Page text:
Navigation Links
RSNA: MR Spectroscopy Shows Differences in Brains of Preterm Infants
Date:11/25/2013

Chicago, Ill. (PRWEB) November 25, 2013

Premature birth appears to trigger developmental processes in the white matter of the brain that could put children at higher risk of problems later in life, according to a study being presented next week at the annual meeting of the Radiological Society of North America (RSNA).

Preterm infants—generally those born 23 to 36 weeks after conception, as opposed to the normal 37- to 42-week gestation—face an increased risk of behavioral problems, ranging from impulsiveness and distractibility to more serious conditions like autism and attention deficit hyperactivity disorder (ADHD).

“In the United States, we have approximately 500,000 preterm births a year,” said Stefan Blüml, Ph.D., director of the New Imaging Technology Lab at Children’s Hospital Los Angeles and associate professor of research radiology at the University of Southern California in Los Angeles. “About 60,000 of these babies are at high risk for significant long-term problems, which means that this is a significant problem with enormous costs.”

Dr. Blüml and colleagues have been studying preterm infants to learn more about how premature birth might cause changes in brain structure that may be associated with clinical problems observed later in life. Much of the focus has been on the brain’s white matter, which transmits signals and enables communication between different parts of the brain. While some white matter damage is readily apparent on structural magnetic resonance imaging (MRI), Dr. Blüml’s group has been using magnetic resonance spectroscopy (MRS) to look at differences on a microscopic level.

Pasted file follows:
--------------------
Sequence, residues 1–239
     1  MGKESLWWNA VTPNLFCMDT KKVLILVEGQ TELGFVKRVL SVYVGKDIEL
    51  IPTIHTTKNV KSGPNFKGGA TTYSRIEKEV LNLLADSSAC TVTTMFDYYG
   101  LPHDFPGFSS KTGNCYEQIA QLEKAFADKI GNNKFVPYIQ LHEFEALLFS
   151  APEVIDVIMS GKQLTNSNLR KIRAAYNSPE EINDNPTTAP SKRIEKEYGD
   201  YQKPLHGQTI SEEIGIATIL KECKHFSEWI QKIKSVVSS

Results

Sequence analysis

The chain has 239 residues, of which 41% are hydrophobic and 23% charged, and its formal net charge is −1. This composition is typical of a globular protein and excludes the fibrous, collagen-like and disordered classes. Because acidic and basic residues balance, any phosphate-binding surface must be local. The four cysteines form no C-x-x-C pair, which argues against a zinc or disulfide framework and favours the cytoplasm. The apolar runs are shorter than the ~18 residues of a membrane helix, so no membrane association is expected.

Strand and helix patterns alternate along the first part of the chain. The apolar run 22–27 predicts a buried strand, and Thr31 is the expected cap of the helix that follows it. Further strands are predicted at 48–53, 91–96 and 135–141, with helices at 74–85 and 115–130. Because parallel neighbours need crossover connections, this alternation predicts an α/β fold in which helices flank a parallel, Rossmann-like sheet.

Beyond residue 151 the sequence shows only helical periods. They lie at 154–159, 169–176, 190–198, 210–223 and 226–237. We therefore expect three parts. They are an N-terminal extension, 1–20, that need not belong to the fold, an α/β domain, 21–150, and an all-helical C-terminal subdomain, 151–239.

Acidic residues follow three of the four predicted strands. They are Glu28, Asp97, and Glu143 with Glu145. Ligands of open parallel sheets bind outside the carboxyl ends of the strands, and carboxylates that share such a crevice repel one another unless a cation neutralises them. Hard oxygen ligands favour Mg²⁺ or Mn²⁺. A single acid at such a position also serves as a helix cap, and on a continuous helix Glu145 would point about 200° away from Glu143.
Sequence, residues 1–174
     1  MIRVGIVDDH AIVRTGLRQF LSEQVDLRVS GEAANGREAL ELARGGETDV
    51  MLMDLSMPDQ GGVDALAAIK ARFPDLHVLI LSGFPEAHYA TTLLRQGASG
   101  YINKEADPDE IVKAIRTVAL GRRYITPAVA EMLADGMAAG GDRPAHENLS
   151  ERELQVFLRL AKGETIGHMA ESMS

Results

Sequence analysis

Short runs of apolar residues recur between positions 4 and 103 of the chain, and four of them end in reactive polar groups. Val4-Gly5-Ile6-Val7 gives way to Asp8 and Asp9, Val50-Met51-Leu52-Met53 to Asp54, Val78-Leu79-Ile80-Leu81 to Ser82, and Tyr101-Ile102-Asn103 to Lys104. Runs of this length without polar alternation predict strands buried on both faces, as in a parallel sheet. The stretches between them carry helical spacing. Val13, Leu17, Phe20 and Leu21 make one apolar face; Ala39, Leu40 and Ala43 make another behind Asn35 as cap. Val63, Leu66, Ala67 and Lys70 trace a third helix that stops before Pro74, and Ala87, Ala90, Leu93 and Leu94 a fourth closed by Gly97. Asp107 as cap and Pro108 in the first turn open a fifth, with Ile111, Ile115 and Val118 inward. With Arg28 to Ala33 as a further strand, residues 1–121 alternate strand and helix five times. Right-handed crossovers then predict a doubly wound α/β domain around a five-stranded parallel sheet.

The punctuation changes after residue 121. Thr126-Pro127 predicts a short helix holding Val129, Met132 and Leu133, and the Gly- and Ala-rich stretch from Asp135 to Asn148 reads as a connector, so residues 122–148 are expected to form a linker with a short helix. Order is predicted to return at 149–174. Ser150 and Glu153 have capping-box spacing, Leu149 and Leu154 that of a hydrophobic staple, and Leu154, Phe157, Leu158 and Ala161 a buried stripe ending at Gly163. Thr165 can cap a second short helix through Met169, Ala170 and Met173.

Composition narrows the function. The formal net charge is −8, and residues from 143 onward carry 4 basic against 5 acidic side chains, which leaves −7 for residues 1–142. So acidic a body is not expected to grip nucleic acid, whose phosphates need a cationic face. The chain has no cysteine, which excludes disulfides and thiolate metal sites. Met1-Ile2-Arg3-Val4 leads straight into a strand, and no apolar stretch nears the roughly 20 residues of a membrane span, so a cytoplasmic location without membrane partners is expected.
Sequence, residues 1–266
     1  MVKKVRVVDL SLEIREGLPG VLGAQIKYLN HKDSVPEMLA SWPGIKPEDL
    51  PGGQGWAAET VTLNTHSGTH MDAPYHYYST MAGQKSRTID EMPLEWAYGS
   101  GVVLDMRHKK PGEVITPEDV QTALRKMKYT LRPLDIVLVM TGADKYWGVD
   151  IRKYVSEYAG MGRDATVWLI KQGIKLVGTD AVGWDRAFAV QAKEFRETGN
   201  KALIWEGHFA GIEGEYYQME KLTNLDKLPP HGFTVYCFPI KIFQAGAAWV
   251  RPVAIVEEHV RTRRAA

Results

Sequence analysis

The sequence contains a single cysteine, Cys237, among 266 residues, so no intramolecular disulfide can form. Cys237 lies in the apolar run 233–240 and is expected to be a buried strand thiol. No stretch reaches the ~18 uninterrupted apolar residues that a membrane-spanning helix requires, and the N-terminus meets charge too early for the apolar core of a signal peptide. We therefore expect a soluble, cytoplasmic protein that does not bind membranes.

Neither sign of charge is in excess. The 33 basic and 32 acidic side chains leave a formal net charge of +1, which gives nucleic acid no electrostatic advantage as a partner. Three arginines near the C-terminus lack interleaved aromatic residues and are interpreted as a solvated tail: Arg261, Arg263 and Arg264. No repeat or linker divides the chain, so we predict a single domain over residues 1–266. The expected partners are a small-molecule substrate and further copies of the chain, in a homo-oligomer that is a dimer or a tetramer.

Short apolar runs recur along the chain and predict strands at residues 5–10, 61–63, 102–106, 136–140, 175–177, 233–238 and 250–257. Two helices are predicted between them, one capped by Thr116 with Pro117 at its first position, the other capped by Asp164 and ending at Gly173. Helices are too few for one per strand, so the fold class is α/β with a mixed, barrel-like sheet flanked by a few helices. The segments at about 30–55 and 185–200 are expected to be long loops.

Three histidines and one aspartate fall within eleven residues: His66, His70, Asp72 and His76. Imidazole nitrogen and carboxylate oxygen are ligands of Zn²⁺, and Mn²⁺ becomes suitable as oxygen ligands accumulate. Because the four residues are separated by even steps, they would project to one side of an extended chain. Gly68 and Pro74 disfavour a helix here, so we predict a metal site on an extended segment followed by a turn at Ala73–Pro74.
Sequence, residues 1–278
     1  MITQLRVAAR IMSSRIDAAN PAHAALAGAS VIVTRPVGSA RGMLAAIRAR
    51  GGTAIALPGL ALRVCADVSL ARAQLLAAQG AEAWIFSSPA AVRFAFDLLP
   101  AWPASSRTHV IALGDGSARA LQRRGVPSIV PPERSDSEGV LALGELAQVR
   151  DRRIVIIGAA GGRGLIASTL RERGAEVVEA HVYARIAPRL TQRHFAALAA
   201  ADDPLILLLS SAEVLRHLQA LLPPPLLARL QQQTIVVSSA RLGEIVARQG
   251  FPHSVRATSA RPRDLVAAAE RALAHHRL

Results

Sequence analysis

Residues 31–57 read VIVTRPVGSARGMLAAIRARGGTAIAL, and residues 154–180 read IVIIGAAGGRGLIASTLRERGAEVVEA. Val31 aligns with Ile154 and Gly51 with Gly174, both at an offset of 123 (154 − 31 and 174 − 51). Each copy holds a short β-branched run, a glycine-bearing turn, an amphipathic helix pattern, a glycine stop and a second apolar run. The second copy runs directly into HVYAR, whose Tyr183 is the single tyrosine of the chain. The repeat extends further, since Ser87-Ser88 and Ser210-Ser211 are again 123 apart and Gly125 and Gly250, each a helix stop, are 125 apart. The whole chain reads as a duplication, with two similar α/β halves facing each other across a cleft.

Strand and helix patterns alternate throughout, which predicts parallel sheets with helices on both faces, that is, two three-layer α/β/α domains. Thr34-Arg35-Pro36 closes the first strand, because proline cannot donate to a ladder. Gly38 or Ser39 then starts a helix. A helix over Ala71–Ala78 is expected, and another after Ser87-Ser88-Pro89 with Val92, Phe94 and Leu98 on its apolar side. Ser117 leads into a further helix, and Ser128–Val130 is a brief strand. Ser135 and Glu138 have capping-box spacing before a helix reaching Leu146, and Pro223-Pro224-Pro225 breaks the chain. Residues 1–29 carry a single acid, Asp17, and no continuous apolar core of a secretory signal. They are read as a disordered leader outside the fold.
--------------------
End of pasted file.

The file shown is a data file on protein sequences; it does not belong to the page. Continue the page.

In this study, the researchers compared the concentrations of certain chemicals associated with mature white matter and gray matter in 51 full-term and 30 preterm infants. The study group had normal structural MRI findings, but MRS results showed significant differences in the biochemical maturation of white matter between the term and preterm infants, suggesting a disruption in the timing and synchronization of white and gray matter maturation. Gray matter is the part of the brain that processes and sends out signals.

“The road map of brain development is disturbed in these premature kids,” Dr. Blüml said. “White matter development had an early start and was ‘out of sync’ with gray matter development.”

This false start in white matter development is triggered by events after birth, according to Dr. Blüml.

“This timeline of events might be disturbed in premature kids because there are significant physiological switches at birth, as well as stimulatory events, that happen irrespective of gestational maturity of the newborn,” he said. “The most apparent change is the amount of oxygen that is carried by the blood.”

Dr. Blüml said that the amount of oxygen delivered to the fetus’s developing brain in utero is quite low, and our brains have evolved to optimize development in that low oxygen environment. However, when infants are born, they are quickly exposed to a much more oxygen-rich environment.

“This change may be something premature brains are not ready for,” he said.

While this change may cause irregularities in white matter development, Dr. Blüml noted that the newborn brain has a remarkable capacity to adapt or even “re-wire” itself—a concept known as plasticity. Plasticity not only allows the brain to govern new skills over the course of development, like learning to walk and read, but could also make the brains of preterm infants and young children more responsive to therapeutic interventions, particularly if any abnormalities are identified early.

“Our research points to the need to better understand the impact of prematurity on the timing of critical maturational processes and to develop therapies aimed at regulating brain development,” Dr. Blüml said.